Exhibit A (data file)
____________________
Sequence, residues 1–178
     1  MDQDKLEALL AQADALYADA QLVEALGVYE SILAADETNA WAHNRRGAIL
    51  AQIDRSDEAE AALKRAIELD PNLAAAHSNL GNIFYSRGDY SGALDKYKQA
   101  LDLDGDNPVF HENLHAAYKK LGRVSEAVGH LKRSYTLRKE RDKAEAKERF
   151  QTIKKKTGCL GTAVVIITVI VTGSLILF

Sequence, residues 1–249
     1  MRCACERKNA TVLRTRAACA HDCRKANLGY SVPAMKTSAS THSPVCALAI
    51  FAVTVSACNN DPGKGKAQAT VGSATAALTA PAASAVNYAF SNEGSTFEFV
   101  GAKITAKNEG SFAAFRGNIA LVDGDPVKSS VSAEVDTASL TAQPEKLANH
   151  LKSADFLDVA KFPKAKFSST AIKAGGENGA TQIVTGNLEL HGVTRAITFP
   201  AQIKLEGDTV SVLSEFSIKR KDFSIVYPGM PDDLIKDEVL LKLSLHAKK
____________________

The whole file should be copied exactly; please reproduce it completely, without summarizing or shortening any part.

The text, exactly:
Sequence, residues 1–178
     1  MDQDKLEALL AQADALYADA QLVEALGVYE SILAADETNA WAHNRRGAIL
    51  AQIDRSDEAE AALKRAIELD PNLAAAHSNL GNIFYSRGDY SGALDKYKQA
   101  LDLDGDNPVF HENLHAAYKK LGRVSEAVGH LKRSYTLRKE RDKAEAKERF
   151  QTIKKKTGCL GTAVVIITVI VTGSLILF

Sequence, residues 1–249
     1  MRCACERKNA TVLRTRAACA HDCRKANLGY SVPAMKTSAS THSPVCALAI
    51  FAVTVSACNN DPGKGKAQAT VGSATAALTA PAASAVNYAF SNEGSTFEFV
   101  GAKITAKNEG SFAAFRGNIA LVDGDPVKSS VSAEVDTASL TAQPEKLANH
   151  LKSADFLDVA KFPKAKFSST AIKAGGENGA TQIVTGNLEL HGVTRAITFP
   201  AQIKLEGDTV SVLSEFSIKR KDFSIVYPGM PDDLIKDEVL LKLSLHAKK